Archive for the ‘NEWS AND COMMENTARY’ Category

Pay and Chief Investment Officers

08 / 23 / 2017
by Charles Skorina | Comments are closed

In this issue

  • Compensation and the Top 100+ Chief Investment Officers 
  • Fiddles and finance: Navigating an inefficient market
  • OCIOs and the costs of outsourcing
  • 6 charts with pay, performance, OCIOs

Download letter in PDF from www.charlesskorina.com

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Paying the Top Guns of Institutional Investing

Last month in Part One of this report we focused on relative performance.  We ranked 107 CIOs by trailing 5-year returns.

See: http://www.charlesskorina.com/?p=4828

Now, we focus on how much institutions pay these excellent people.

The bare comp numbers lead us to the tricky and perennial question of whether their pay is properly aligned to their performance (or vice-versa), and we offer some analysis and opinion from the point of view of working headhunters.

We also consider the cost of an OCIO firm relative to an in-house CIO-led investment office.

Now, on to the charts!



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Foundation Chief Investment Officers and the American dream

04 / 28 / 2017
by Charles Skorina | Comments are closed

Our March letter focuses on the venerable foundations of New York City and one of their most accomplished investment pros: Kim Y. Lew, chief investment officer of the Carnegie Corporation.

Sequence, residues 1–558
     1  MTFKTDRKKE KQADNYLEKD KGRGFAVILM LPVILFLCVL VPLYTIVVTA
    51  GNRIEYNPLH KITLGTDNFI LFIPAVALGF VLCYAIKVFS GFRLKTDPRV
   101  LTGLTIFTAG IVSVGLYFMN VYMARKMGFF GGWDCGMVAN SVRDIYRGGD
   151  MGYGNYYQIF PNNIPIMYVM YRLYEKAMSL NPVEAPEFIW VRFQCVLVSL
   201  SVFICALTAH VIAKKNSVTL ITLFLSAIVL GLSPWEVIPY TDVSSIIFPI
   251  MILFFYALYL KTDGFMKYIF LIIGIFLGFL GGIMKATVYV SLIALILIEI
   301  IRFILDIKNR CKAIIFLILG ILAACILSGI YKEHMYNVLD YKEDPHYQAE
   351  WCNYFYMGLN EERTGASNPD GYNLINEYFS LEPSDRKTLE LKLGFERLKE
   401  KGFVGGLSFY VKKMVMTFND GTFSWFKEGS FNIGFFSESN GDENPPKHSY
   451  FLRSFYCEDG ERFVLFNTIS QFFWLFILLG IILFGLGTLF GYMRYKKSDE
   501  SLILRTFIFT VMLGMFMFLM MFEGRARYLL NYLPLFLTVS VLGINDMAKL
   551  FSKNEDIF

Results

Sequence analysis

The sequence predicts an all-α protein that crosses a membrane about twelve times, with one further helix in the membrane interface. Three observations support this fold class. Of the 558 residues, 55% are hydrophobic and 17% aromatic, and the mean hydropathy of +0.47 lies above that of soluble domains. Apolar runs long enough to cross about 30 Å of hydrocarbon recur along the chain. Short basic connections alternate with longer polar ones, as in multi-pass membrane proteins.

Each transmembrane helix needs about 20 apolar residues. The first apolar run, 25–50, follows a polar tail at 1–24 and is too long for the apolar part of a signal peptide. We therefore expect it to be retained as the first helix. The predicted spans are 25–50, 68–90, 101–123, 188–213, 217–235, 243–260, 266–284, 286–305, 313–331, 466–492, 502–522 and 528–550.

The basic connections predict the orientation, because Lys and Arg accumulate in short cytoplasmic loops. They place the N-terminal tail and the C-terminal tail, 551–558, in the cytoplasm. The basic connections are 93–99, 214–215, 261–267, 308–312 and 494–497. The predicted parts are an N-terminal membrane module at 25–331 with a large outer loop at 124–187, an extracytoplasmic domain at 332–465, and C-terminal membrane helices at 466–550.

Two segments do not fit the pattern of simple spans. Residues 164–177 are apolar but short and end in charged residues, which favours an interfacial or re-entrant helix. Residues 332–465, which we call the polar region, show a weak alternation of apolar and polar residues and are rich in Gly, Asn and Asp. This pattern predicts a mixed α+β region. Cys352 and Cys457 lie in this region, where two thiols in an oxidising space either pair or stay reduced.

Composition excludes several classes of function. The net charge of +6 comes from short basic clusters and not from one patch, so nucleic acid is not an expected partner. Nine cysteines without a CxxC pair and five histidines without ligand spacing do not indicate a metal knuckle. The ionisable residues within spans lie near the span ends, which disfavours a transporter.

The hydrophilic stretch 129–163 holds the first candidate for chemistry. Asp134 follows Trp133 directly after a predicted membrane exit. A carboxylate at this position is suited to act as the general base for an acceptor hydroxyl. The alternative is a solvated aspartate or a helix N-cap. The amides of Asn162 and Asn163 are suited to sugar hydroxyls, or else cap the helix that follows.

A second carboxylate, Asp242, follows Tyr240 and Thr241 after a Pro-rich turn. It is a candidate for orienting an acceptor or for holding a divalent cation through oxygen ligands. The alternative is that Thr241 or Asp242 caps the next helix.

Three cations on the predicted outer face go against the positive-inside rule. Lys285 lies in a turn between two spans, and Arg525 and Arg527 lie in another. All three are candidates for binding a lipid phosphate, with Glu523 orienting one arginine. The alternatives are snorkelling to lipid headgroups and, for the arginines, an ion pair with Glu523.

We have an in-depth conversation with Ms. Lew on her career in foundation investing and the future of women and minorities in her field.  We also look at pay and performance in the NYC foundations, with some illuminating charts for our quant readers.

Our friends at the Foundation Center tell us there are 243 American foundations with over $1 billion in assets and New York City harbors 31 of them, including some of the biggest and most storied.  The money wasn't all made there, but it tended to flow toward Manhattan because that's where the money-managers were.

According to David Swensen, "a deep appreciation of history" is essential to an investment professional.  Not just knowledge, mind you; but appreciation.  History may have temporarily put that money in their care, but markets and circumstance are always threatening to take it back.

Goethe's Faust got it right when he declaimed:

"That which thy fathers have bequeathed to thee, earn and become the possessor of it!"

Mr. Carnegie and Ms. Lew:

When Andrew Carnegie endowed the corporation with $125 million in 1911 – perhaps $3 billion in 2017 dollars – he founded the largest charitable entity of its day.  Along with the creation of the Rockefeller Foundation in 1913, this marked the beginning of the modern era of foundation philanthropy.

The Carnegie Corporation, headed by the eminent Vartan Gregorian, marked its centenary in 2011, the year Kim Lew became co-CIO, and it is still among the twenty-five largest foundations in the U.S.